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Gradebook

Education news and notes from Tampa Bay and Florida

Comics curriculum

26

December

Dailyplanet2_3 When it comes to reading, some parents and teachers see Superman and Super Mario as the problem.

But a growing number of educators is turning to super heroes and graphic novels as a way to engage kids who don't seem to like reading, the NY Times reports today. Advocates say the students have fun while gaining needed skills.

"For kids who may be struggling and for kids who may be new to the English language, that visual sequence is a very powerful tool," said Michael Bitz, who founded the Comic Book Project as a graduate student and is now its director.

That message has resonated locally, too. Count Pasco County teacher Marla Spelman among the converts who has embraced comics, reasoning that "Reading is reading."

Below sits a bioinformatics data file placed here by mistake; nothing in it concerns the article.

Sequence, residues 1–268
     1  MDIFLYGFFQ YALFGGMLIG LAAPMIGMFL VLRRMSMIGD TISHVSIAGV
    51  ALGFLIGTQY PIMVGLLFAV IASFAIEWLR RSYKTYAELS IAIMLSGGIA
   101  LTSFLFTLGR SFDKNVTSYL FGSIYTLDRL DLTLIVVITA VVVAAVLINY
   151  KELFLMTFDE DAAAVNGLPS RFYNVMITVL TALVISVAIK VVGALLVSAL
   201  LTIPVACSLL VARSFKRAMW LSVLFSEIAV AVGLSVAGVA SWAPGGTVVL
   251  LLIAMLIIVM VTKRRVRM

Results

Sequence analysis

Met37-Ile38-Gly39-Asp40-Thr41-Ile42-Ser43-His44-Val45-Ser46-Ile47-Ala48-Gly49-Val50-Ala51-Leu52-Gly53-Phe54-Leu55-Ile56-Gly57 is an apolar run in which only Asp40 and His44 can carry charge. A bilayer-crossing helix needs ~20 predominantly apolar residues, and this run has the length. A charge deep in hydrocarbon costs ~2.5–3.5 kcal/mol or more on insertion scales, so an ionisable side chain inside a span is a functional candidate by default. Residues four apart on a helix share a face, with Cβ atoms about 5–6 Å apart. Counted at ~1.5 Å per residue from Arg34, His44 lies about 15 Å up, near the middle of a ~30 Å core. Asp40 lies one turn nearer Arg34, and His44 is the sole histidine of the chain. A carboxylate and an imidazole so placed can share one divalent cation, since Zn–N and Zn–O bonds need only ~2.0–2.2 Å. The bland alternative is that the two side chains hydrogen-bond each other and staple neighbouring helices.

Doubters abound, though. They worry that it's just an opportunity to water down studies.

"If you're going to use comics in the classroom at all, which I have serious doubts about, it should be only as a motivational tool," Diane Ravitch, an education professor at New York University, told the NY Times.

(Image, superman.com)

[Last modified: Tuesday, May 25, 2010 9:31am]

    

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